- Firnkes, M. (2014). Online shop trend narrative retailing: How content marketing is said to optimize shopping. http://marketpress.com/2014/online-shop-trend-narrative-retailing-how-content-marketing-is-said-to-optimize-shopping/. Accessed 6 Aug 2014.
- Fogg, B. J. (2003). Prominence-interpretation theory: Explaining how people assess credibility online. In CHI '03 Extended Abstracts on Human Factors in Computing Systems, Ft. Lauderdale, Forida, April 5-10, 2003 (722-723).Google Scholar
- Forrester Consulting (2012). Using ecommerce to monetize digital content in the media industry. Thought Leadership Papers. Cambridge: Forrester Research.Google Scholar
- Ha, L., & Ganahl, R. (2004). Webcasting business models of clicks-and-bricks and pure-play media: A comparative study of leading webcasters in South Korea and the United States. JMM: The International Journal on Media Management, 6(1/2), 74–87.Google Scholar
- Hess, T. (2014). What is a media company? A reconceptualization for the online world. JMM: The International Journal on Media Management, 16(1), 3–8.Google Scholar
- Hovland, C. I., Janis, I. L., & Kelley, H. H. (1953). Communication and persuasion - psychological studies of opinion change. New Haven: Yale University Press.Google Scholar
- Kursad, A., Nanda, K., & Varghese, S. J. (2012). Pricing models for online advertising: CPM vs. CPC. Information Systems Research, 23(3), 804–822.Google Scholar
- Metzger, M. J., Flanagin, A. J., Eyal, K., Lemus, D. R., & McCann, R. M. (2003). Credibility for the 21st century: Integrating perspectives on source, message, and media credibility in the contemporary media environment. In P. J. Kalbfleisch (Ed.), Communication Yearbook 27 (pp. 295-335, Communication Yearbook, Vol. 27). Mahwah: Lawrence Erlbaum Associates.Google Scholar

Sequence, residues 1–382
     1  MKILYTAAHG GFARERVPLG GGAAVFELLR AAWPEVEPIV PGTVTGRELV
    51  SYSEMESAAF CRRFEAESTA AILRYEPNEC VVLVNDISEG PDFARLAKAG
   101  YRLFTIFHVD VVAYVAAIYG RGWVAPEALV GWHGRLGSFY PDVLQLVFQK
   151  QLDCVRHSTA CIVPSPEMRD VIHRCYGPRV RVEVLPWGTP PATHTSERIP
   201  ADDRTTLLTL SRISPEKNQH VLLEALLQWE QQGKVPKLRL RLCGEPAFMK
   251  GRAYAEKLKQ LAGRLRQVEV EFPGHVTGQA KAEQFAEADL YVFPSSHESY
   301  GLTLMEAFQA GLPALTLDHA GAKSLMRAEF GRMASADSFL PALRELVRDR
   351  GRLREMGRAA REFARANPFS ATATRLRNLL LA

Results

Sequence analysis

- Moore, D. J., Reardon, R., & Mowen, J. C. (1989). Source independence in multiple source advertising appeals: The confederate effect. Advances in Consumer Research, 16(1), 719–722.Google Scholar
- Niedzwiadek, N. (2016). Vox to join other media companies in e-commerce push. http://www.wsj.com/articles/vox-to-join-other-media-companies-in-e-commerce-push-1455188401. Accessed 15 April 2016.
- Nunnally, J. C., & Bernstein, I. H. (1994). Psychometric theory (3rd ed., McGraw-Hill Series in Psychology). New York: McGraw-Hill.Google Scholar
- O’Keefe, D. J. (2002). Persuasion: Theory & research (2nd ed., Current Communication: An Advanced Text Series). Thousand Oaks: Sage Publications.Google Scholar
- Osterwalder, A., Pigneur, Y., & Tucci, C. L. (2005). Clarifying business models: Origins, present, and future of the concept. Communications of the Association for Information Systems, 16, 1–25.Google Scholar
- Pew Research Center. (2015). State of the news media 2015. Washinton, DC: Pew Research Center.Google Scholar
- Ringle, C. M., Wende, S., & Becker, J.-M. (2015). SmartPLS 3. Boenningstedt: SmartPLS GmbH.Google Scholar
- Sundar, S. S. (2008). The MAIN model: A heuristic approach to understanding technology effects on credibility. In M. J. Metzger & A. J. Flanagin (Eds.), Digital media, youth, and credibility (pp. 73–100). Cambridge: The MIT Press.Google Scholar
- Trenz, M., & Berger, B. (2013). Analyzing online customer reviews - An interdisciplinary literature review and research agenda. In 21st European Conference on Information Systems, Utrecht, Netherlands, June 5–8, 2013 (Paper 83).Google Scholar